The average woman has a lung capacity of about 4.4 L, and the average man has a lung capacity of about 5.8 L. What is their lung capacity in cubic decimeters? Compare the two units.
Whereas weight measures the gravitational force that is exerted on an object, mass measures how much of something there is; thus, mass is closely related to volume. The weight of an object can change depending on its location (e.g., on the Earth or on the Moon), but the mass of the object (how much of it there is) always stays the same.
Mass and weight are often confused, because our two systems of measurement use different terms. In the metric system, kilograms and grams are measures of mass, but in the U.S. customary system, ounces and pounds are measures of weight. When using the metric system, we should really state that we are measuring mass, saying, for example “I have a mass of 60 kg” rather than “I weigh 60 kg,” but this goes against convention. Throughout this course, we will use both terms (but regardless of the term we use, mass is what we’ll be finding!).
The base unit of mass is the kilogram (kg). In the 1790s, a kilogram was defined as the mass of 1 L (cubic decimeter, or dm3) of water:
Though that definition has changed somewhat with time, here is a definition that is close enough for ordinary purposes: There are 1,000 g in 1 kg, and 1,000 g occupy a volume of 1,000 cm3, or 1 L. Therefore, 1 g of water weighs the same as 1 cm3 of water and occupies 1 mL of space. In other words, for water:
1,000 g = 1 kg = 1,000 cm3 = 1 dm3 = 1 L
1 g = 1 cm3 = 1 mL
Kilograms are used to weigh just about everything but very light objects (which are weighed in grams) and very heavy objects (which are weighed using metric tons). A gram is almost exactly the weight of a dollar bill. A metric ton is equivalent to 1,000 kg (so it can also be thought of as a megagram) and should not be confused with the common American ton in the U.S. customary system. In fact, the metric ton is often referred to by its French and German name, tonne, to distinguish it as a metric measure. Most cars have a mass of between 1 and 2 tonnes; a large diesel freight locomotive has a mass of approximately 165 tonnes.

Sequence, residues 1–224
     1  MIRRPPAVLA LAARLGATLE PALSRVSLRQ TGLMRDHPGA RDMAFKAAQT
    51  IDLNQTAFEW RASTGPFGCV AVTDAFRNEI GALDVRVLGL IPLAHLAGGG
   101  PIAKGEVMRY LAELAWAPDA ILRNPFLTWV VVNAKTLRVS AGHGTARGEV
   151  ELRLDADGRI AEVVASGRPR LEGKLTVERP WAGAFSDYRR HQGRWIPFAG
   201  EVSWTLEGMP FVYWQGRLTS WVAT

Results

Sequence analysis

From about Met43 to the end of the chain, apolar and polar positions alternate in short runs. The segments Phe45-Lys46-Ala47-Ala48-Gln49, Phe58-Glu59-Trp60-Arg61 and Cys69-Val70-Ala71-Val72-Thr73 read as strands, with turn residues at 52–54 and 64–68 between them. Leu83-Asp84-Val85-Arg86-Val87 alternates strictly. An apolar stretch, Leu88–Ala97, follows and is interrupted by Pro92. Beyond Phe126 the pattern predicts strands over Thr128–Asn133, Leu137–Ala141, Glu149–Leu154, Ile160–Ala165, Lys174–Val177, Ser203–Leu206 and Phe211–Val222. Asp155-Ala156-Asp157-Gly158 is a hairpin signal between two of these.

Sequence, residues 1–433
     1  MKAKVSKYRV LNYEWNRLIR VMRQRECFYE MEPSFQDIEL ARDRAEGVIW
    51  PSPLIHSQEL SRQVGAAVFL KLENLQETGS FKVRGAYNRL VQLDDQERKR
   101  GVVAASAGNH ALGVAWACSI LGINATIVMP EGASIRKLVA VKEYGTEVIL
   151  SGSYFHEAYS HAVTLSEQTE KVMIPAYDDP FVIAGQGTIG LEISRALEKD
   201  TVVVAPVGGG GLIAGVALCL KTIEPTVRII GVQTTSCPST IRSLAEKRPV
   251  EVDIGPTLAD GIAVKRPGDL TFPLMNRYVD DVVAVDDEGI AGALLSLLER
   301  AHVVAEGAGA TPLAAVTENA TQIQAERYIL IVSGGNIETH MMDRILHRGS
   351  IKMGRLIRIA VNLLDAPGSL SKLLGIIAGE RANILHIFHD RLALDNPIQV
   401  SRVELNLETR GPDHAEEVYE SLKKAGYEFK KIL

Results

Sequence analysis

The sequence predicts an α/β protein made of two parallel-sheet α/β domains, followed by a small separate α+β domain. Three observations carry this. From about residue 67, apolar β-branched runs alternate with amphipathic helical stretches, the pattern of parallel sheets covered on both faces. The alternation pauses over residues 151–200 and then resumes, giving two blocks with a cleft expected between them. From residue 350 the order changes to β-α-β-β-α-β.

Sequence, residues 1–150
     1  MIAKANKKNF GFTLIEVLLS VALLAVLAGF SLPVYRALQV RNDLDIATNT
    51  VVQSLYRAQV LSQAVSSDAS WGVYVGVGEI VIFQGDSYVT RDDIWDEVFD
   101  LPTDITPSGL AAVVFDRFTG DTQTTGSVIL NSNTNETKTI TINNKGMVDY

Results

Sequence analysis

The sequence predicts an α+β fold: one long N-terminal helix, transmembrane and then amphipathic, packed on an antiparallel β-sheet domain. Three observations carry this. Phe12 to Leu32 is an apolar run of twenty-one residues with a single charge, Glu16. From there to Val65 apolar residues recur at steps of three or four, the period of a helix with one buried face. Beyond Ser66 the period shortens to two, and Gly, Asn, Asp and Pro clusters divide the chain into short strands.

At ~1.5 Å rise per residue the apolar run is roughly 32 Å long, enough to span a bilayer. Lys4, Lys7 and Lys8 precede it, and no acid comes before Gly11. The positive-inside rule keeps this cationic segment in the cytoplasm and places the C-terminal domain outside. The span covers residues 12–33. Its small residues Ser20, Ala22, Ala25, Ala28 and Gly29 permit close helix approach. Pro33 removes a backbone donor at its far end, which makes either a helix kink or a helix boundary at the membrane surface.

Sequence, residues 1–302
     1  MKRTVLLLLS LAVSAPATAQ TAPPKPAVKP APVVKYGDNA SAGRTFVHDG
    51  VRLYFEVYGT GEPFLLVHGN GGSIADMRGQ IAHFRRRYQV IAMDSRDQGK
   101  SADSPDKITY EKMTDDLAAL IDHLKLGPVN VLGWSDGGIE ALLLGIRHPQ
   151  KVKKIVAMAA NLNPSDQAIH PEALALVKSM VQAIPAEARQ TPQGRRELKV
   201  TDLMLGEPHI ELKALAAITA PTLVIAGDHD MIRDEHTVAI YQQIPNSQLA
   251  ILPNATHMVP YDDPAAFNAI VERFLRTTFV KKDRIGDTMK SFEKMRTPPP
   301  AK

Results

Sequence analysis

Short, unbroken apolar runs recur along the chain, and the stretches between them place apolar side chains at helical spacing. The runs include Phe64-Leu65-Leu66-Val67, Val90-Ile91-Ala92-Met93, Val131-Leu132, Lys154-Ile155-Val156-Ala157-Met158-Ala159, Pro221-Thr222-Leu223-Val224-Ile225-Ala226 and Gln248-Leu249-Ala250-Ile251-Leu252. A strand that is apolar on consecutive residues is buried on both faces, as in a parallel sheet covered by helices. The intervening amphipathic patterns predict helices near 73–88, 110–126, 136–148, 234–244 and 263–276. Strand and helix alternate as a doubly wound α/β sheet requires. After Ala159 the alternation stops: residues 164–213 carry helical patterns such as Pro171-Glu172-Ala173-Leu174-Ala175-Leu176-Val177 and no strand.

As with metric lengths, it is useful to establish benchmarks for metric mass measures.
- .Using the centimeter grid paper (PDF), build a cubic decimeter. What is its capacity? What is its weight if filled with water?
- What is the capacity and weight of 1 cm3?
How many cubic centimeters are there in a cubic decimeter?
Some people use balance scales like the one illustrated above, and some people use spring scales like a typical grocery or bathroom scale. How are the two different?
Think about how they work and whether they measure weight or mass.
Look around the room you’re in now, and find one or more objects that you estimate has each of the masses listed below. If a scale is available, use it to measure each object to corroborate your estimates. If a scale is not available, select some food products (with very light wrappers) such as candy bars and cereal. Estimate their mass and compare your estimate to the mass indicated on the product.
- 1 g
- 100 g
- 500 g
- 1 kg
Take an empty plastic liter bottle and weigh it. Then fill the bottle with very cold water and weigh it again. What do you notice about the weight of the liter of water? Explain your findings.
Watch the participants as they measure the mass of a 1 Liter bottle filled with water. They are surprised to discover that it’s a little more than 1 kg. This is not what they expected, so they contemplate possible explanations of their result.
Can you think of any other possible reasons that would explain why the bottle weighs more than a kilogram?
You can find this segment on the session video approximately 19 minutes and 20 seconds after the Annenberg Media logo.
How will filling the liter bottle with something other than water — for example, juice, yogurt, or sand — affect the mass? Explain.
Think about the relationship between mass and volume. Can two substances have the same volume but different mass?